Monday, October 3, 2022

Install and Use Podman on Debian 11

This guide intends to teach you How To Install and Use Podman on Debian 11.

What is podman?

Podman is an open-source container management tool for developing, managing, and running OCI containers. Let’s take a look at some of the advantages of Podman, in comparison with other container management tools:

  • Images created by Podman are compatible with other container management tools. The images created by Podman adhere to OCI standards, and hence they can be pushed to other container registries like Docker Hub
  • It can be run as a normal user without requiring root privileges. When running as a non-root user, Podman creates a user namespace inside which it acquires the root permission. This allows it to mount file systems and setup required containers
  • It provides the ability to manage pods. Unlike the other container runtime tools, Podman lets the user manage pods (a group of one or more containers that operate together). Users can perform operations like create, list, and inspect the pods

However, there are certain limitations to Podman:

  • It only runs on Linux-based systems. Currently, Podman only runs on Linux-based operating systems and doesn’t have a wrapper for Windows and macOS.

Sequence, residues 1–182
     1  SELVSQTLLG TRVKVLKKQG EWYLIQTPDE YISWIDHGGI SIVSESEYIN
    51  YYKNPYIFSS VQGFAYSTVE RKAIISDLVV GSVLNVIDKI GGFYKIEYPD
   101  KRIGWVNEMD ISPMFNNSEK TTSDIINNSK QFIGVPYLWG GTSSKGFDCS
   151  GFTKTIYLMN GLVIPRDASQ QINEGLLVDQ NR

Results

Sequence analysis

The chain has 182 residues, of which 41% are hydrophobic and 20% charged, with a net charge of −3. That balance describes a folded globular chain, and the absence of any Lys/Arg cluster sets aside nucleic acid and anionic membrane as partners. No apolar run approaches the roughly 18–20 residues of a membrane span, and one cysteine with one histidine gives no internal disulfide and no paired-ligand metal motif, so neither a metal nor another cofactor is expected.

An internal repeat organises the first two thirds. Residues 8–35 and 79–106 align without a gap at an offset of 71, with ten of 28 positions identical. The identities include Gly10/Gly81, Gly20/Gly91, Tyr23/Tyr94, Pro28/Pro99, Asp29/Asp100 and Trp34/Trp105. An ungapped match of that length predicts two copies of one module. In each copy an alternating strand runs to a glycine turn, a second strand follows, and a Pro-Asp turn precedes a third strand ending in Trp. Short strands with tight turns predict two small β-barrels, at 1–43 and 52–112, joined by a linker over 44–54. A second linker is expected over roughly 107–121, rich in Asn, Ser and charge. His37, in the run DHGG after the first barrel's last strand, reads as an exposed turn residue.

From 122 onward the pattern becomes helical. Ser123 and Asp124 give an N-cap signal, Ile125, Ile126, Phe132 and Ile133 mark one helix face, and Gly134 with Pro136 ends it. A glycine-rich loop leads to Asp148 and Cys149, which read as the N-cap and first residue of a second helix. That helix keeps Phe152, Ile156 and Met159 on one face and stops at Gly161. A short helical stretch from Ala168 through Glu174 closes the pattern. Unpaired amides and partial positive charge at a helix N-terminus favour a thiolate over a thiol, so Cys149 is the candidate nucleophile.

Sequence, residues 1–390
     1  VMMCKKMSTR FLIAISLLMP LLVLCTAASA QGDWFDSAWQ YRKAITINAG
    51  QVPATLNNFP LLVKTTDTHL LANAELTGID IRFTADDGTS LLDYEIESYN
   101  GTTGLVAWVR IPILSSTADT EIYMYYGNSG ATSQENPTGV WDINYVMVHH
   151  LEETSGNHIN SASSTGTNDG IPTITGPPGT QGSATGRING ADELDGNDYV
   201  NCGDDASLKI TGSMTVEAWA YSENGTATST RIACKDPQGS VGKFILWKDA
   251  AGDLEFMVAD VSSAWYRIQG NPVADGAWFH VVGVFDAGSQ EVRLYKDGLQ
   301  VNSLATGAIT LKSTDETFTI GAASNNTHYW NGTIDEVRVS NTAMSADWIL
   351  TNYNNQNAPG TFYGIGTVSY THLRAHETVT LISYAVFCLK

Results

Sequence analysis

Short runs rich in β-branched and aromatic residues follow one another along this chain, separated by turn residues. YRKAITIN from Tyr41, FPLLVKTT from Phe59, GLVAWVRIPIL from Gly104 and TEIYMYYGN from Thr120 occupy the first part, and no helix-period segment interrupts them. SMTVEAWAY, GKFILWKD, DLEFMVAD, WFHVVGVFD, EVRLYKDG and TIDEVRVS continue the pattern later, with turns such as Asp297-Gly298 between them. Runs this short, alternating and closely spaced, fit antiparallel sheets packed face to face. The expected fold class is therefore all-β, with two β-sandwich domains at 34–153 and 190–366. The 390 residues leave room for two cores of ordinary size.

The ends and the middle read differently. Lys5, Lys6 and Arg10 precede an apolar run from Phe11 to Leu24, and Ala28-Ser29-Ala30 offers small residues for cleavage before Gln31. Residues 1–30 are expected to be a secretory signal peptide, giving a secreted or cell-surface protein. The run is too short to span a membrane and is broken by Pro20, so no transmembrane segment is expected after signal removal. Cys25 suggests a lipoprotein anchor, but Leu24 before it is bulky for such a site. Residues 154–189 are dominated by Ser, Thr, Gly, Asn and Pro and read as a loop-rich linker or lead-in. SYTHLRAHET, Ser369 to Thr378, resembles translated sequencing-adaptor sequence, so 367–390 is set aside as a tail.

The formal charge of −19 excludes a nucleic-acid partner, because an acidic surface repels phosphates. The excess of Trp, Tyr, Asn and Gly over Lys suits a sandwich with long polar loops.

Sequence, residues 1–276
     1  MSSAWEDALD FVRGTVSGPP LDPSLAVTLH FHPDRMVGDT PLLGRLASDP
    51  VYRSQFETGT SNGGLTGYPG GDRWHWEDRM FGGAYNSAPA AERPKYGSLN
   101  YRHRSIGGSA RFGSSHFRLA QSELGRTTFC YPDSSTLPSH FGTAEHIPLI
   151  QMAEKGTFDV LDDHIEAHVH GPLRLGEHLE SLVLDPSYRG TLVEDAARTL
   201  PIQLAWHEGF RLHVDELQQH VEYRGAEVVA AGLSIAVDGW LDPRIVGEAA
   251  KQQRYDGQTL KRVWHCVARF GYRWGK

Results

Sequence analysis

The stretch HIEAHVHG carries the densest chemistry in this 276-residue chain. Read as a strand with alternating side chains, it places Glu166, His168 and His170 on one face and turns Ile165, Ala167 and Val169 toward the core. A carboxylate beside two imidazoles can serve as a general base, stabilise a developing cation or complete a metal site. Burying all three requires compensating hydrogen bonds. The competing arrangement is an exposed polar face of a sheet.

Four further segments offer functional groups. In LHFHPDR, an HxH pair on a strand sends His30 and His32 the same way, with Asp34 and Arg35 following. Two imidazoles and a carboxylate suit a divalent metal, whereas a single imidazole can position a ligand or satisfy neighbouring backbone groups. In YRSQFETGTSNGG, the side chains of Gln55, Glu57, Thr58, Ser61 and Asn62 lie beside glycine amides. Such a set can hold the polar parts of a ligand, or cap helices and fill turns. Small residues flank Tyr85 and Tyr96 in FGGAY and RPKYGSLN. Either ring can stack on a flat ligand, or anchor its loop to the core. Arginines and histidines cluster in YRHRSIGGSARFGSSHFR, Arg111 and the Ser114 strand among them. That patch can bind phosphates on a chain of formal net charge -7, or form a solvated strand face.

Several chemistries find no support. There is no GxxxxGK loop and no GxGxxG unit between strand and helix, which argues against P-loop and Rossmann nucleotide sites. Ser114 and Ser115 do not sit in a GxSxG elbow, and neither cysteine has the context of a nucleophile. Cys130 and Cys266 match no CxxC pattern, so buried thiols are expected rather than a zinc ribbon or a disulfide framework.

• There is no alternative for Docker Compose. Podman doesn’t have support for managing multiple containers locally, similar to what Docker Compose does. An implementation of Docker Compose using the Podman backend is being developed as part of the podman-compose project, but this is still a work in progress.

How To Install and Use Podman on Debian 11

To install Podman, you must log in to your server as a non-root user with sudo privileges. To do this, you can follow our guide the Initial Server Setup with Debian 11.

Now Follow the steps below to complete this guide.

Installing Podman on Debian 11

Podman packages are available in the default Debian 11 repository. So use the following command to install Podman on your server:

sudo apt install podman

Then, verify your installation by checking its version:

podman --version
Output
podman version 3.0.1

Start and enable your Podman service by using the following commands:

# sudo systemctl start podman.socket
# sudo systemctl enable podman.socket

Check your podman service is active and running on Debian 11:

sudo systemctl status podman.socket
Output
● podman.socket - Podman API Socket
     Loaded: loaded (/lib/systemd/system/podman.socket; enabled; vendor preset:>
     Active: active (listening) since Thu 2022-09-08 03:24:21 EDT; 2min 0s ago
   Triggers: ● podman.service
       Docs: man:podman-system-service(1)
     Listen: /run/podman/podman.sock (Stream)
     CGroup: /system.slice/podman.socket

To get full information about Podman, you can use:

podman info
Output 
host:
  arch: amd64
  buildahVersion: 1.19.6
  cgroupManager: systemd
  cgroupVersion: v2
  conmon:
    package: 'conmon: /usr/bin/conmon'
    path: /usr/bin/conmon
    version: 'conmon version 2.0.25, commit: unknown'
  cpus: 2
  distribution:
    distribution: debian